Michael A. Smith also has worked as a journalist, public relations executive, and congressional aide. He is the author of seven novels, described at www.writermichaelasmith.com
Naked America: Stripped of Its Many Myths, the Bare Truth Suggests Revolutionary, Economic, Political, and Social Reformsby Michael Smith
Michael A. Smith examines many of the nation's original ideals, and presents compelling information indicating most of them have been transformed into myths. For example, many regularly describe the United States as the land of economic opportunity, yet 20 percent of American households earn
Every society has its ideals, and its myths. In Naked America, author
Michael A. Smith examines many of the nation's original ideals, and presents compelling information indicating most of them have been transformed into myths. For example, many regularly describe the United States as the land of economic opportunity, yet 20 percent of American households earn half of all income, and own more than half of all the nation's assets. Education is touted as the road to success, although only one-third of high school graduates achieve a postsecondary education degree. Two-thirds of future jobs in what has become essentially a service economy are projected to be low- or very low-paying. In the world's self-proclaimed "greatest democracy," pessimism about government is widespread and only 35 percent of registered voters vote regularly. Although more than 80 percent of Americans profess to be practicing Christians, New Testament ethics appear overwhelmed by mindless materialism, pervasive marketplace fraud, a high crime rate,
constant ideological bickering, and cultural kitsch. To rectify this situation and turn America's ideals into reality, the author proposes many wide-ranging social, economic, and political reforms.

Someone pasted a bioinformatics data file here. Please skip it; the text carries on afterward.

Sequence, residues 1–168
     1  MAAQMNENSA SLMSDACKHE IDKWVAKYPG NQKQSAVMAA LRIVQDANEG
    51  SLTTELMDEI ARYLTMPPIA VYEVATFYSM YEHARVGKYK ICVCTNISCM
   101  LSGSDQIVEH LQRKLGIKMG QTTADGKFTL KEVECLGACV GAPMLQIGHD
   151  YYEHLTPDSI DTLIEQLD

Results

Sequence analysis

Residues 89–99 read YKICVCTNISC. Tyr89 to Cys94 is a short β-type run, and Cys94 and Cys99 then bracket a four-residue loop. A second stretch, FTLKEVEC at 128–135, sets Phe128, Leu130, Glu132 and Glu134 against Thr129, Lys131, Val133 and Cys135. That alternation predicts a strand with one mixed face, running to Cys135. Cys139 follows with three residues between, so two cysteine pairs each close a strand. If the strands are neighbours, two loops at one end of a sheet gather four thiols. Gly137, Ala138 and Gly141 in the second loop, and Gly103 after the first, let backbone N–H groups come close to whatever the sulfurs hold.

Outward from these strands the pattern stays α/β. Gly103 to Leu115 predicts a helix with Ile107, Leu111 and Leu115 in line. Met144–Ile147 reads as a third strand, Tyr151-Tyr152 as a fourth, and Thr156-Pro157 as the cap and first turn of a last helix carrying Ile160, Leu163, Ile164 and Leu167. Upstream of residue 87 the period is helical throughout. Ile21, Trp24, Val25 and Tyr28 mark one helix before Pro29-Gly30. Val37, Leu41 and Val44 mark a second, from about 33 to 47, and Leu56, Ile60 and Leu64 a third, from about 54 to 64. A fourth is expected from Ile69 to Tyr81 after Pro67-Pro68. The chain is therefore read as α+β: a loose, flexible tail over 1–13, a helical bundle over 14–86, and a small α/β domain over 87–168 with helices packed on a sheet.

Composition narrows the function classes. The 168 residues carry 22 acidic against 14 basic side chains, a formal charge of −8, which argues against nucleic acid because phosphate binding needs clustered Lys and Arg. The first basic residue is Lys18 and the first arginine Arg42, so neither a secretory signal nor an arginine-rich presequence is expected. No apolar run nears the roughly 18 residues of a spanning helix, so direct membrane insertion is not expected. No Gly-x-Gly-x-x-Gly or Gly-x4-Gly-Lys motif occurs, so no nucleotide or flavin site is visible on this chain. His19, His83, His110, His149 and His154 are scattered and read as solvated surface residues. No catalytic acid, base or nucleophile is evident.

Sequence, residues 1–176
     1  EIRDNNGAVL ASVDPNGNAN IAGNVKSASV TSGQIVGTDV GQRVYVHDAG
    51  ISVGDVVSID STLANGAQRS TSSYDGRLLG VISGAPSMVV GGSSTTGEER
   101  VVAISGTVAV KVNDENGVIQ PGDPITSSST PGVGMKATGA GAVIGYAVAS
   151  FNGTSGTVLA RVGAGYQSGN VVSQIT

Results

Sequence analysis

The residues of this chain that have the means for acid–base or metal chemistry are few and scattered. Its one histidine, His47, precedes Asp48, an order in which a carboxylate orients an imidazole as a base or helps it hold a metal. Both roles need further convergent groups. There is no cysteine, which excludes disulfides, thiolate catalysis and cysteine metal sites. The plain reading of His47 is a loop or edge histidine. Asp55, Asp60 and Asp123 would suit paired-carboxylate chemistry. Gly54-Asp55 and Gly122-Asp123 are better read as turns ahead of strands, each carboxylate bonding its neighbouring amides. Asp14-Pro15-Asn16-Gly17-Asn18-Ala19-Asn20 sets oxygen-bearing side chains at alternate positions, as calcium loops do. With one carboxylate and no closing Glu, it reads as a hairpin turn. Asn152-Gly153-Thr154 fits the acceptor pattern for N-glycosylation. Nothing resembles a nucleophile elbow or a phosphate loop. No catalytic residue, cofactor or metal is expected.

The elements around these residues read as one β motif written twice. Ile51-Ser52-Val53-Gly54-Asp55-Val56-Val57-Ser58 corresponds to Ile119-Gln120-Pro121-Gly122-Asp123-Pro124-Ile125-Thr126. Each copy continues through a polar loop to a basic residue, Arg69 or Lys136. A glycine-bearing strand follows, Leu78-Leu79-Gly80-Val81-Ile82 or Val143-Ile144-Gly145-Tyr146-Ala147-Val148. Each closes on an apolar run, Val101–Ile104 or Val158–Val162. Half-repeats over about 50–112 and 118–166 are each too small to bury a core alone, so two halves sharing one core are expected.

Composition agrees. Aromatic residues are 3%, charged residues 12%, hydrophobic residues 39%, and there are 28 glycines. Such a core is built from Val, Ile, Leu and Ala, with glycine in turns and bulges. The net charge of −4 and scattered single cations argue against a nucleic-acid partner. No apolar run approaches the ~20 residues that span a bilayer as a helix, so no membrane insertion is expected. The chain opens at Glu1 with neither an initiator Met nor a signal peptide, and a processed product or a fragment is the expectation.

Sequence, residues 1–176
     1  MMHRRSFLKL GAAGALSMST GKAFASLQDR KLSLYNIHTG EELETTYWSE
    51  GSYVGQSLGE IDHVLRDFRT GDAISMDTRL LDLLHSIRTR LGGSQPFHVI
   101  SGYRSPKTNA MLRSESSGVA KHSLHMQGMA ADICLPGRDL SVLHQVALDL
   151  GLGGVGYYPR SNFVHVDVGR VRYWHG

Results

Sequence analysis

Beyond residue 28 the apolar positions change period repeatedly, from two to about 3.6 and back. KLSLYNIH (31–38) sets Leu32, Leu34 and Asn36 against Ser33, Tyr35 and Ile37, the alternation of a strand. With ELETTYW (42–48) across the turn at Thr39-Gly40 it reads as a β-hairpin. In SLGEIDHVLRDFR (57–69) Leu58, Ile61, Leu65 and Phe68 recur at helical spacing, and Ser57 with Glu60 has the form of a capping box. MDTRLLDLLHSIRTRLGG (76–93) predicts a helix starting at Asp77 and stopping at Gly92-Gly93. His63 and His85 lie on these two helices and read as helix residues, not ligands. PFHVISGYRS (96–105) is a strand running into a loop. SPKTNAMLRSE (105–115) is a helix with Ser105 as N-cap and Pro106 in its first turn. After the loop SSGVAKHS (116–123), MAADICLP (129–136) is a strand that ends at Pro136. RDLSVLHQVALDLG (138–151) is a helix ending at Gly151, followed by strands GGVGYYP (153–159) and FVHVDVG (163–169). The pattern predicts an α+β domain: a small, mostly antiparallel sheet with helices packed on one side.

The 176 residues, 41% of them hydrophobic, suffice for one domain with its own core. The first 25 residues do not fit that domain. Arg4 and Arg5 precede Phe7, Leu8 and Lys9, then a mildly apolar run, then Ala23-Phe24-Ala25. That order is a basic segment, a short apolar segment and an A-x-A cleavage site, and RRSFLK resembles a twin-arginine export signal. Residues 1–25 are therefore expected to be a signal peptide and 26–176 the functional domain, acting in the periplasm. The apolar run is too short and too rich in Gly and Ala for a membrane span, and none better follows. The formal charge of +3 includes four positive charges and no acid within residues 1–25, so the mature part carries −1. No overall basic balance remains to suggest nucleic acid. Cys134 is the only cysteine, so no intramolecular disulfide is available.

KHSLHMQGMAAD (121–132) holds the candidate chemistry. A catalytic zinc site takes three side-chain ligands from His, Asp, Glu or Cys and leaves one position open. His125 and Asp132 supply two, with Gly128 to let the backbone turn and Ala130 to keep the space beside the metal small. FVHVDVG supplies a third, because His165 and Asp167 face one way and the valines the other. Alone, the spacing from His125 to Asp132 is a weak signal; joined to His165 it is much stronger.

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These 56 essays begin with an analysis of the nature of humankind, the purpose of life and the role of government in achieving those goals. The author then constructs a statistical picture of many important current issues. When the facts suggest a less than ideal situation, Smith proposes a remedy or alternative. The 650-page book contains over 800 footnotes. In a time when the majority of Americans say they are dissatisfied with government solutions, and bemoan do-nothing politicians, this book is full of unique and controversial alternatives: a new social contract, a direct democracy, a “wealth exchange economy,” and a revamped education system that both rewards merit and prepares students for work. Several essays question our current societal attitudes, values and goals, mainly our emphasis upon consumerism and hedonism. Conservatives, nationalists and religious fundamentalists are not going to like this book, with its emphasis upon science and technology and the need for constant change. I certainly didn’t agree with every essay. However, if you want to be intellectually stimulated, or challenged to reaffirm your own contrary thoughts, Naked America is a book worth reading.